Like George (and me), we all have an intuition that informs our interactions with others. Though a part of our design, this intuition is housed in our humanity. It is informed by our past relational experience and organized around the goal of gaining security in our relationships; it alerts us to relational threats, as well as opportunities to deepen affection or closeness with others. However, because this emotional learning is anchored in specific relationships and experiences in our past, it is not always accurate and it does not always generalize to our current relationships. In fact, there are many situations where it is exactly wrong! Thus, those very funny actions that foster a father-son connection only frustrate a husband-wife connection.
I sat with a couple recently where the husband’s primary complaint was that his wife over-reacted to little things. In defense of his conviction, he described witnessing intense conflict in his childhood home and articulated a resolve to do things differently within his own home. His conflict-riddled childhood home had sensitized him to negative emotion and taught him to intervene quickly, with a logical counterpoint and a calming tone. In subsequent conversations, his wife disclosed that she had not always been as vocal as she was in her current marriage. She was quiet as a young girl and, in her first marriage, she acquiesced to his preferences and plans. Unfortunately, in that first marriage she was mistreated and betrayed by a selfish man who exploited her quiet manner, discounted her needs and eventually betrayed her trust. Having been burned deeply in this relationship, her intuition alerted her to situations where her best interests might be overlooked and compelled her to express her “voice.” However, whenever she got emotionally charged with her current husband – energized to represent her needs, desires and opinions - her husband intuitively (and predictably) responded with reason and alternate perspectives, minimizing her emotional intensity and striving to calm her down. Unfortunately, his efforts to protect the marriage only frustrated his wife and provoked her fears. Feeling unheard and at risk for being discounted by him, her intuition predictably compelled her to escalate her intensity which, as you can imagine, further triggered her husband to calm the situation down. And round and round the mulberry bush they ran! The very intuition which might have served them well in past relationships, caused them substantial grief in their marriage.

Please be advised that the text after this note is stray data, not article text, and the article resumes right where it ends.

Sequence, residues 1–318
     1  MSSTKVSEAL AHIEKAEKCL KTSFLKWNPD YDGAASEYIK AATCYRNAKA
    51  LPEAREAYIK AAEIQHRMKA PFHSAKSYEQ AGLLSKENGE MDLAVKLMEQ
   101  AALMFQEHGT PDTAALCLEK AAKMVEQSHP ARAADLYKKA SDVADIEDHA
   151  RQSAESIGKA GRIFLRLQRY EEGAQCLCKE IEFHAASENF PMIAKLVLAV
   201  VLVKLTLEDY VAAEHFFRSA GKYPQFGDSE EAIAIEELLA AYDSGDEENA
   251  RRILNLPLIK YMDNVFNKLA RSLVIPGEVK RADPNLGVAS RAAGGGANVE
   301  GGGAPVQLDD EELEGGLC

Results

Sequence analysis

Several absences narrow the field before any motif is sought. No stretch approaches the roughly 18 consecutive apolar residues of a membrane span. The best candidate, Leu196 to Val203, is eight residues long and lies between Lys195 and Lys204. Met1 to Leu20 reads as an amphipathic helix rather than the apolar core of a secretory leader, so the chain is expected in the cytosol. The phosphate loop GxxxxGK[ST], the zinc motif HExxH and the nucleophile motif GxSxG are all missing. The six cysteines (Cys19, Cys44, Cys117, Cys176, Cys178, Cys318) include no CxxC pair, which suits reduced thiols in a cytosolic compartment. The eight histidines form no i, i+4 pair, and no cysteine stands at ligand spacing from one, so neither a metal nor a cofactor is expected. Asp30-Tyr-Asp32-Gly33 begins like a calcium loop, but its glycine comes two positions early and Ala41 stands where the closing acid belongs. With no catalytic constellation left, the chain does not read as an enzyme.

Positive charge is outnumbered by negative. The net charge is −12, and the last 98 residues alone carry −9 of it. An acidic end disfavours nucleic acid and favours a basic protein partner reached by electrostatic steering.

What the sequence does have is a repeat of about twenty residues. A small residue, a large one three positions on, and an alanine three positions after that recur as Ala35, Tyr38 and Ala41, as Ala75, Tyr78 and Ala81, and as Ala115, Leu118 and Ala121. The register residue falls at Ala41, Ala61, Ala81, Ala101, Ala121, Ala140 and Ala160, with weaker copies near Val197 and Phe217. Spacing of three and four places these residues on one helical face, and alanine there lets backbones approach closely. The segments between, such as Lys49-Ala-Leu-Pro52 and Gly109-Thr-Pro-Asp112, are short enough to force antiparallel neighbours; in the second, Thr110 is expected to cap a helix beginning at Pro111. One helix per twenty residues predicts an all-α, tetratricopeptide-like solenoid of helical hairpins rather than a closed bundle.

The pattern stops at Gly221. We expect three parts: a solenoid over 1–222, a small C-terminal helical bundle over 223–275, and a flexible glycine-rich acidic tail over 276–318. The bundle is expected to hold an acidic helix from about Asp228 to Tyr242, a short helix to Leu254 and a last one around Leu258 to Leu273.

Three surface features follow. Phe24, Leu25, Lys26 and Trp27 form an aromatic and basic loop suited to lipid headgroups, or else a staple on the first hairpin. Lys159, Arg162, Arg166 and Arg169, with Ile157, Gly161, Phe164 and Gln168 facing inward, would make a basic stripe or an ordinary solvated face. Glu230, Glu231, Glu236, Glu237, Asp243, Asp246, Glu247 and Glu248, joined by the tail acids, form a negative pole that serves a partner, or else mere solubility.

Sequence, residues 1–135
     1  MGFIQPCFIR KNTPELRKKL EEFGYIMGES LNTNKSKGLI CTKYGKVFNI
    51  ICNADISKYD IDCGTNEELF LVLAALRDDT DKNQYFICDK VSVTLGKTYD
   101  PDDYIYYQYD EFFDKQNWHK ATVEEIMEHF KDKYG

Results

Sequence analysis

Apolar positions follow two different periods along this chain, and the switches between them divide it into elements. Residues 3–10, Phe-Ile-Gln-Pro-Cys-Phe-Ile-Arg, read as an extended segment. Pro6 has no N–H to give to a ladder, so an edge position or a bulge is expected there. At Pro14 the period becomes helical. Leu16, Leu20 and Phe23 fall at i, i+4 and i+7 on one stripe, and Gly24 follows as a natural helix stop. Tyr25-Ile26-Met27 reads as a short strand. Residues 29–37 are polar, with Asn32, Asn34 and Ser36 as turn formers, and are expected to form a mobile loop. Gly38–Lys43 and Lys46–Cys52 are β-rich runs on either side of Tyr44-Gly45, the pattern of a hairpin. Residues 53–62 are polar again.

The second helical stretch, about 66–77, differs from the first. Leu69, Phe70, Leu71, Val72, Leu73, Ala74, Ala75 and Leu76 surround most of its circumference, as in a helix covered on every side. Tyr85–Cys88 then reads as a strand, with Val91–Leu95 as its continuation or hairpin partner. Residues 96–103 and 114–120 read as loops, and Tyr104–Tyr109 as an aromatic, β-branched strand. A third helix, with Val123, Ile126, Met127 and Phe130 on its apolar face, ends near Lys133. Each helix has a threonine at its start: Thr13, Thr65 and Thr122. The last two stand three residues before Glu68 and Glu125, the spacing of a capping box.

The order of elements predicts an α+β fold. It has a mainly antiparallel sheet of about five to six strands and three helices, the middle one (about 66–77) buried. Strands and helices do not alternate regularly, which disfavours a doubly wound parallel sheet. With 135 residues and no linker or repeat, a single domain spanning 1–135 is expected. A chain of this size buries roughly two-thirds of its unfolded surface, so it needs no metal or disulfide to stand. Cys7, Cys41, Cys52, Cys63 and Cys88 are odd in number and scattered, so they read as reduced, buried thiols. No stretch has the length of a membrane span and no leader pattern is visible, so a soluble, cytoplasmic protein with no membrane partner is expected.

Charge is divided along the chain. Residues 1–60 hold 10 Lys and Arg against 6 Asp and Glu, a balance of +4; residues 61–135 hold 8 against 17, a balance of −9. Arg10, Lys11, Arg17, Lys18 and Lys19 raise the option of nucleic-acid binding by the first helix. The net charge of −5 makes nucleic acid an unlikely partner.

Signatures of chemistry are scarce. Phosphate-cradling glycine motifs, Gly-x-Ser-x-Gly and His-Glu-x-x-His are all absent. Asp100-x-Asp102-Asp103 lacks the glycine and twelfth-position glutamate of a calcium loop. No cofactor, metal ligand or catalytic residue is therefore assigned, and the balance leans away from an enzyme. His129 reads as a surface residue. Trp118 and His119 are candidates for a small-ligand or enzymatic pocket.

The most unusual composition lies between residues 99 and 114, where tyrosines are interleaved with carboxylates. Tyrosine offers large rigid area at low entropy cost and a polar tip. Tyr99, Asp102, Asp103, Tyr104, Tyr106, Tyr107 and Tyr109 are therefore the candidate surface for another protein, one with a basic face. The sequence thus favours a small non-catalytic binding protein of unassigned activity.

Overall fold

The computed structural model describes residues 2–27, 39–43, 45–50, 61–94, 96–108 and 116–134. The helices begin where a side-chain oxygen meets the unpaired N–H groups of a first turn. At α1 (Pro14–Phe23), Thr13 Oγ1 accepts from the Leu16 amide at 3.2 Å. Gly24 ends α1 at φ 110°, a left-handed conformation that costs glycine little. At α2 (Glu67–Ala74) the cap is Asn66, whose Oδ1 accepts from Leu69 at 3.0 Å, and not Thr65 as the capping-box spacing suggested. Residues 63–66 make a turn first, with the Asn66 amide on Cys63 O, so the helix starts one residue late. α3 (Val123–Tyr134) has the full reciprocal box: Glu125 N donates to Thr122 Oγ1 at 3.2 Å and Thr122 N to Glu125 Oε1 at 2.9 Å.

Enter the “The George Costanza Rule”: in certain instances, your intuition is exactly wrong and it may well be best to do the opposite of what you feel inclined to do. For this husband, it meant learning to get emotionally involved with his wife - learning to not only tolerate her emotion, but to understand her, feel with her and affirm her; to believe that she was as committed to developing a harmonious relationship as he was. For her it meant learning to express her needs in a direct, but calm manner, trusting that her husband was looking out for her and desiring to know her needs and perspectives. The responses of this couple, though grounded in their unique pasts, are not uncommon. In many marriages, men intuitively withdraw and avoid their wives in those moments where their wives most need them to engage, understand and get involved. In a complimentary manner, many women intuitively become critical or demanding at those times when their husbands need them to be patient and affirming. Where in your marriage do you tend to most consistently do the wrong thing? Where might you need to apply “The George Costanza Rule”?